Six main issues have been outlined by Action for Children today as key in understanding further the complexity of child neglect. In today’s report, Neglecting the Issue, Action for Children identifies the role of fathers, targeting families, public health and prevention, parental and carers’ views, actively seeking children’s views and understanding the scale of neglect as major gaps to be addressed in helping the 1.5 million UK children currently affected by neglect and preventing further children and families being affected.
Child neglect remains a massive problem throughout the UK with up to one in 10 children being affected. The impact increases dramatically in vulnerable families aiming to cope with a number of health and social care issues. The report, written by the University of Stirling for Action for Children, states that poverty, alcohol and substance misuse, inability to access local family support services and mental health issues are among key factors that can increase child neglect.
A clear, integrated approach is needed to further challenge and solve neglect and today’s recommendations state that investigating these six areas is key to delivering this:
Fathers’ roles: services and advice should be more widely available to offer better support to fathers’ relationships with their children and families. Public opinion backs the idea:
Seven out of 10 (70%) agree, 42% strongly, that society values a child’s relationship with its mother more than it values a child’s relationship with its father
Almost six out of 10 (59%) agree with the statement that society assumes mothers are good for children, fathers have to prove it
Seven out of 10 (70%) agreeing, 50% strongly, that there should be a zero tolerance approach if fathers do not take on their parenting responsibilities (1);
Targeting families: Reviews of Sure Start children’s centres have shown that just one in 10 was not effective, compared to 57% gaining “highly positive” feedback and 32% labelled as “adequate” (2). Many more of these services are needed;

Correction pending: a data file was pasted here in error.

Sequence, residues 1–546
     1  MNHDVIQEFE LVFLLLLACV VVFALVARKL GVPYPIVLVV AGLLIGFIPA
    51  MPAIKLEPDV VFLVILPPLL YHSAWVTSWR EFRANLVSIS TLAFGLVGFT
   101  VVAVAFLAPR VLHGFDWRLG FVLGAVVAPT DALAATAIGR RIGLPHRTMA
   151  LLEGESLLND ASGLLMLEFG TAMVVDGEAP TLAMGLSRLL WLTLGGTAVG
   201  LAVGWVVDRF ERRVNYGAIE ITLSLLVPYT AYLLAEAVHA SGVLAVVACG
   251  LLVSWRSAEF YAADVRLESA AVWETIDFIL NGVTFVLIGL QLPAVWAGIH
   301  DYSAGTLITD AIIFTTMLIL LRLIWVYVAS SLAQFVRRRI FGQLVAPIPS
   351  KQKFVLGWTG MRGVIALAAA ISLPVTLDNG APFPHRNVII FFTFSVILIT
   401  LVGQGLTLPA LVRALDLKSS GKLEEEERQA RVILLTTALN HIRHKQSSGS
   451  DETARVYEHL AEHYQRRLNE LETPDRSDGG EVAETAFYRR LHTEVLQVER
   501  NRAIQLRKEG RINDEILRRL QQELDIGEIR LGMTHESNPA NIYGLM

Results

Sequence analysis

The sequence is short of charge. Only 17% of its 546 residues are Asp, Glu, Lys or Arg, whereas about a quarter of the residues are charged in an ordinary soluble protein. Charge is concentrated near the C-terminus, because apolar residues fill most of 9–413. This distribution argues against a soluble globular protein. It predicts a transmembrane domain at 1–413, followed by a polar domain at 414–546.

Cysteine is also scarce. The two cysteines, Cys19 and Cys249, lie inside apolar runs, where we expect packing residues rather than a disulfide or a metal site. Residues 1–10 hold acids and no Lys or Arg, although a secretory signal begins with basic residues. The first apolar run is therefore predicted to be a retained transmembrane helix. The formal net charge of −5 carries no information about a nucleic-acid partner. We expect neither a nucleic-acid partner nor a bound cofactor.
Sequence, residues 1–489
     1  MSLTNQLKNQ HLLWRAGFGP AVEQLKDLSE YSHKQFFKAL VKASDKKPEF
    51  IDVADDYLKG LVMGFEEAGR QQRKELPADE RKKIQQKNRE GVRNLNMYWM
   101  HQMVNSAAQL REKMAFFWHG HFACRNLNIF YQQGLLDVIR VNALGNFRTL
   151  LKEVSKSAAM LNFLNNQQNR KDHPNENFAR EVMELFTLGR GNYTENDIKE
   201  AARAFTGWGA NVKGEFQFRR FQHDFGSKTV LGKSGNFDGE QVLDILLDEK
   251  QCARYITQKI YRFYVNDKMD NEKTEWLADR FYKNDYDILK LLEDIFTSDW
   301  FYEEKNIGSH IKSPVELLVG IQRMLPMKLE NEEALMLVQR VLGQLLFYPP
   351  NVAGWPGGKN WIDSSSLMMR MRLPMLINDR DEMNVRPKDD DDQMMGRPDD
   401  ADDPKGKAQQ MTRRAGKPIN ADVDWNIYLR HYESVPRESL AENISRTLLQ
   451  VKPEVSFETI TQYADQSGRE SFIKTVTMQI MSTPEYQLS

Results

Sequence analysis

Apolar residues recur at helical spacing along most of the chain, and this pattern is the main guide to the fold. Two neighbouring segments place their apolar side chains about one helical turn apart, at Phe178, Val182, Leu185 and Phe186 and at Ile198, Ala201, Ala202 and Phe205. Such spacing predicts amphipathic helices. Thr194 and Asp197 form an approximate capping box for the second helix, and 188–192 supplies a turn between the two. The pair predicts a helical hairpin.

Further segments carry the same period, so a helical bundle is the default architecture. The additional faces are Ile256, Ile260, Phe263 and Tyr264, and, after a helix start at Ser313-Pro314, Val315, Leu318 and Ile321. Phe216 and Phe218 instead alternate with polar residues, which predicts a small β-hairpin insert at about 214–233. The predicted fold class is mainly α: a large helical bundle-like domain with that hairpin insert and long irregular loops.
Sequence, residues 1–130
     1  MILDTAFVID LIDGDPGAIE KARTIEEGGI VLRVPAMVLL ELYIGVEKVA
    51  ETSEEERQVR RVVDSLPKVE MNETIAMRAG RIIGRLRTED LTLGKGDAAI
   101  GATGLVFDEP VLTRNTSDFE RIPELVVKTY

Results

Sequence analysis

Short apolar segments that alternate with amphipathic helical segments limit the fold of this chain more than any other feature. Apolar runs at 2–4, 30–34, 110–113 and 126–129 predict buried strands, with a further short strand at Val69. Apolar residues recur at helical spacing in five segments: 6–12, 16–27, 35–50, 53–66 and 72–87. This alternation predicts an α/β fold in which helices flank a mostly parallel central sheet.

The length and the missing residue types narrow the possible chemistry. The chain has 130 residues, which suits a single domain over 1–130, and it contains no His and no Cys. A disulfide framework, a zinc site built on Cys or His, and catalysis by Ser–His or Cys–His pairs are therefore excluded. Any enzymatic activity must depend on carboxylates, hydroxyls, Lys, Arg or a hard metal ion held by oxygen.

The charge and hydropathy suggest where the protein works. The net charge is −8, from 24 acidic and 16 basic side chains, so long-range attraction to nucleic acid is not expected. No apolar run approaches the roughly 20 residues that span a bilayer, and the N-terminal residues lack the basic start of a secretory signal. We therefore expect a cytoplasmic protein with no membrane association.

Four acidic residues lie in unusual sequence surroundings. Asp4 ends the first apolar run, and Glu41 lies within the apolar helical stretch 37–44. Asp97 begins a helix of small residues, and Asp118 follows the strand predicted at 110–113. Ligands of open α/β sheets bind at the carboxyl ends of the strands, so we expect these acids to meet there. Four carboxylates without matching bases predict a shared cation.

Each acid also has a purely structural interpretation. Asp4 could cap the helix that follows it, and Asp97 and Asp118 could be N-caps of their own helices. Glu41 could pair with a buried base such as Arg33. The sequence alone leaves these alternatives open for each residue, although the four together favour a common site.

Public health and prevention: Public awareness campaigns have shown to be effective in areas of health and social care. If awareness programmes on child neglect were funded and supported, greater awareness could help reduce and even assist prevention;
Parents and carers’ views: Parents and carers need to be encouraged to seek help without fear of repercussions. Professionals must be trained to communicate better with parents and carers to make them aware of the support available before it is too late;
Children’s views: More must be done to identify ways in which children can be encouraged to ask for help directly. The current picture is unclear, with some young people wanting to approach adults, such as teachers or counsellors for support (3);
Understanding the scale of neglect: We need to be able to see a regular snapshot of the extent of neglect – and the collective response to it – in order to understand if this is getting better or worse.
Action for Children will lead this initiative in the autumn when it publishes its first national annual review of child neglect, comprehensively outlining the issue, causes and proposals to help end neglect.
Dame Clare Tickell, Chief Executive of Action for Children says: “1.5 million neglected children in 2011 is unthinkable but that is the scale of the problem in the UK. Neglect is widespread and still goes unnoticed. We have clear issues to tackle. It is not complicated or difficult. We are all responsible for the problem and we just need to do it or we will see many more families struggling and children being ignored”.
Annie, is just one of the estimated 10% of children who suffer neglect. Now 18, Annie has been neglected by her drug addict parents: “I have three sisters and a brother, but I don’t see the youngest two much as they’ve both been in foster care for years. It was me who reported Mum to social work. I know it’s the best thing for them but I do feel sad about it. Because of our home life I don’t know them and they don’t know me. Our house was never really nice, always needing decorating and repairing. It was hard bringing friends home because of the state of the house and because of my mum and dad. I can remember helping my mum to inject herself when I was about 15. I did it to calm her down and make her feel better. I feel embarrassed about my life. I haven’t felt as important as other people – I feel small and at the bottom of the pile. I pull out my hair and cut my arms with a light bulb if I feel stressed.”
(1) Barnes, M. Bryson, C., & Smith, R. (2006) Working atypical hours, what happens to family life? National Centre for Social Research
(2) Children’s Centres’ outreach is working (2010) 4Children
(3) Bancroft, A., Wilson, S., Cunningham-Burley, S., Backett-Milburn, K and Masters, H. (2004) Parental Drug and Alcohol Misuse: Resilience and Transition among Young People. York: Joseph Rowntree Foundation
ACTION FOR CHILDREN
Action for Children is a national charity delivering services that respond to the local needs of children, young people, their families and communities. Action for Children works with the most vulnerable and neglected children and young people: whose families need support; are in care; who are disabled; who experience severe difficulties in their lives.
About the Author